In the professional buyer/seller environment, preferences and practices have changed dramatically since the spring of 2020. In many sectors, the dynamic between seller and buyer has changed in fundamental ways. Some of those changes, according to a new Sandler Research Center report, What do buyers want and how do buyers work, Tend to prefer the buyer.
Sandler’s survey is based on responses from 602 sales professionals in 43 countries. The accompanying report explains how, in the wake of the global pandemic, buyers are often working with a radically different set of priorities than they did just over a year ago.
How do buyers research and make a big purchase today… and how can sellers better adapt to buyers’ emerging priorities to streamline the buying process? Key points from the report include:
Buyers do not sign up early in the cycle. Today’s buyers have access to most of the information they need long before they do business with potential sellers, which means that contacting sales professionals, in many sectors, occurs much later in the sales/purchasing cycle than it once did. 53% of respondents to Sandler’s survey said they identified the need for a major purchase entirely on their own. Buyers not only do more comprehensive independent research on products and services once a need is identified, but they are also more likely to access trusted reviews, talk to existing customers, and research market information about potential allies. This means that the seller who is finally invited into the process must have already completed his or her homework for the buyer – and must be able to demonstrate an in-depth understanding of the seller’s industry/sector. This is one reason why a premature promotion can be a disastrous misstep for sellers.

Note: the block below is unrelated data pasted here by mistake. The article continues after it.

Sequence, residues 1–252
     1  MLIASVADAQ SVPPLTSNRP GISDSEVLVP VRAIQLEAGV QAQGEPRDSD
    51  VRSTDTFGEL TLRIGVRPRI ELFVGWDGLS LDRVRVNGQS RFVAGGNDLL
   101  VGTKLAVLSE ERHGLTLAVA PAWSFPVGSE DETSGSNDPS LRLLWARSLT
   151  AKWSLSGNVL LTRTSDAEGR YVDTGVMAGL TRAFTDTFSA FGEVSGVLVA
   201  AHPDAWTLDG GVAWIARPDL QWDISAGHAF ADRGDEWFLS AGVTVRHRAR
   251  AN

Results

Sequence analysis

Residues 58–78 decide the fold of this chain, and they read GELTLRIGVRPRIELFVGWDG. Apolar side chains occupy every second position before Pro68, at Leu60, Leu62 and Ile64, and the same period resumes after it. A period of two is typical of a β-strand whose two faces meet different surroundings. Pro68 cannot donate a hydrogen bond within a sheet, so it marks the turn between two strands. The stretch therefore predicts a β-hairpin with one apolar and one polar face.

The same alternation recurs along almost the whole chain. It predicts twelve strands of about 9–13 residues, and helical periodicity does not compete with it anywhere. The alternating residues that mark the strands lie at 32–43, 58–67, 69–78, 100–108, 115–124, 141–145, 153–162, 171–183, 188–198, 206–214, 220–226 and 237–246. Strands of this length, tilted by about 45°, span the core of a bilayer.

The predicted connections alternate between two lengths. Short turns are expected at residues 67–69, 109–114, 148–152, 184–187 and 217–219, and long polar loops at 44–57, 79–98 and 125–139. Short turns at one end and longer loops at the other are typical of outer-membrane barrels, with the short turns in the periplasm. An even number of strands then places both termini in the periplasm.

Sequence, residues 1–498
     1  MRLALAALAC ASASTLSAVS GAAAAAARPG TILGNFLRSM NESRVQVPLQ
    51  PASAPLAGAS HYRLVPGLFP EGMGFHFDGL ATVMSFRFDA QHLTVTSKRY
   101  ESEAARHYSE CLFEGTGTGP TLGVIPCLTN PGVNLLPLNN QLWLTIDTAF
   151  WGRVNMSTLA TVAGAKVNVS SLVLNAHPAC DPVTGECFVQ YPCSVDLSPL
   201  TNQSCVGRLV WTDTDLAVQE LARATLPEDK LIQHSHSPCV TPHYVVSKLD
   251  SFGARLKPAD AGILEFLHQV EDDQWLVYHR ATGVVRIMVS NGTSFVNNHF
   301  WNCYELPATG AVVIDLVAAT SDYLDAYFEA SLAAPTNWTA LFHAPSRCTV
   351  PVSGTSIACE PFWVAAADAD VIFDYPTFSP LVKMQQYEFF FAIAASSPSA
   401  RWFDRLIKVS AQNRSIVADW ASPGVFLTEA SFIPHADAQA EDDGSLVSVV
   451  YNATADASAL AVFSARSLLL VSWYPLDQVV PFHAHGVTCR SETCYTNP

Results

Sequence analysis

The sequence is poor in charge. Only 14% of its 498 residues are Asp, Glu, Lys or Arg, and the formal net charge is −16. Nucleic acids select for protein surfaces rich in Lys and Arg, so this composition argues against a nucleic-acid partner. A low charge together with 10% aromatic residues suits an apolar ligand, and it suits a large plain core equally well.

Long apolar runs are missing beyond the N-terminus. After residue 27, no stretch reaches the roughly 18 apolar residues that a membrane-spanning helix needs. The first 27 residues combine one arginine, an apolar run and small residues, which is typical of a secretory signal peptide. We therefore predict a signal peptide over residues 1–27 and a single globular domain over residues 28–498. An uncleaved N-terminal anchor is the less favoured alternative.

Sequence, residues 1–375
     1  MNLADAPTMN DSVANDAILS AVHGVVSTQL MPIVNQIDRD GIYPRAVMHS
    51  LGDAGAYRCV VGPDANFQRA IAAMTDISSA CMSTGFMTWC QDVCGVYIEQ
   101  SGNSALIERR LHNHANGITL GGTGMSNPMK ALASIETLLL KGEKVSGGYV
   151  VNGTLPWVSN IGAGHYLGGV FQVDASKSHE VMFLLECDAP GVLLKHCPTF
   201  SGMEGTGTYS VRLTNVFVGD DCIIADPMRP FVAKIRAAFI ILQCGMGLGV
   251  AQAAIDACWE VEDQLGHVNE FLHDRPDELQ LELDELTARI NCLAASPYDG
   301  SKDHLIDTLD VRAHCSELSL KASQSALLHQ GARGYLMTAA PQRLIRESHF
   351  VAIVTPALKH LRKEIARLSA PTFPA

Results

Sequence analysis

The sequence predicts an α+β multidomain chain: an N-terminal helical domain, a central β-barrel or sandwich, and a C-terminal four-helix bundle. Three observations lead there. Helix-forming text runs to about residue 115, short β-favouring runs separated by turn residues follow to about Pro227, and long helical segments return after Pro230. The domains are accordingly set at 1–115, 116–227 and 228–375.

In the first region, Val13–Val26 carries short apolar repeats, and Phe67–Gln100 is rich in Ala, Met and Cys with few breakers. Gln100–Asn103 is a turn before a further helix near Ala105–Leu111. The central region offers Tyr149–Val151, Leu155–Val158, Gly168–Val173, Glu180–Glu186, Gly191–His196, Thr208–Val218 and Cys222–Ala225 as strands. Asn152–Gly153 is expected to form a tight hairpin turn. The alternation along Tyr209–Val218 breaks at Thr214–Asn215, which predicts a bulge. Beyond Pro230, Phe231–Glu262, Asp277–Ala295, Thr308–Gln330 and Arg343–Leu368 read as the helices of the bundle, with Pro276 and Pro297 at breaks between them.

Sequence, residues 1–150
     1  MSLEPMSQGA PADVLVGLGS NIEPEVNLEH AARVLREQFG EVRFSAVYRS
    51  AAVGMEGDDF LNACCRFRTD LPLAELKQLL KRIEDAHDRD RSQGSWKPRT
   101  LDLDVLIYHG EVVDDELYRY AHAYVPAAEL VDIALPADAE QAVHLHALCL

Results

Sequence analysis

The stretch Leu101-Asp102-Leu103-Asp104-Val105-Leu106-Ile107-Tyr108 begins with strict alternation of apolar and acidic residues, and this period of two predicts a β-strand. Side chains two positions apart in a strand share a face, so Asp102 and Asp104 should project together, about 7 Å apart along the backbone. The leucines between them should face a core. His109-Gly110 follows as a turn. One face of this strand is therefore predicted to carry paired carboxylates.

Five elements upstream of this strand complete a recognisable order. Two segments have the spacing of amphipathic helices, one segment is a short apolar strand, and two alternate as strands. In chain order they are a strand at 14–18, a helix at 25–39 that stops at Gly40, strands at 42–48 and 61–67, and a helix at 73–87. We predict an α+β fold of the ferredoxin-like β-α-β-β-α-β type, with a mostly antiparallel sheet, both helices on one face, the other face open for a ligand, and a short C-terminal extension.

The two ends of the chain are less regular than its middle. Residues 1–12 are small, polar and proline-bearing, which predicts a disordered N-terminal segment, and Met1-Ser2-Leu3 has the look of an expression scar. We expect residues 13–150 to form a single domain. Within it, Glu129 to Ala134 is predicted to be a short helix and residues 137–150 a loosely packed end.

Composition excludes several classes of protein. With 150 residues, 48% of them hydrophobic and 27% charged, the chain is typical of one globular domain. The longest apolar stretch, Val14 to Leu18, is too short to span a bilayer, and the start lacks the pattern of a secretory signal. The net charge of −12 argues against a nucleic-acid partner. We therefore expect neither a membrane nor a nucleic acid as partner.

Buyers love the control and scheduling flexibility that email conversations give them. Despite the increasing availability of video conferencing options, survey results indicate that email correspondence remains the preferred means of communication for professional buyers who interact with salespeople. 50% of respondents select email as the preferred method of communicating with sellers. This finding suggests that vendors trying to pressure decision makers to schedule initial video “discovery” calls may be doing harm to themselves and their organizations.
On large purchases, buyers are looking for a long-term relationship with a responsive partner they can trust – and are willing to pay more for it. Emphasizing low cost in early discussions with professional buyers may be counterproductive. 84% of Sandler survey respondents said the opportunity to build a long-term symbiotic relationship with the seller was a critical factor in their decision-making process. Responsiveness and general fit for presentation ranked high on the list of traits required in a professional relationship. The ability to offer the lowest possible advance price is listed at the bottom of the list of required features.
To download the full report What do buyers want and how do buyers workAnd click here.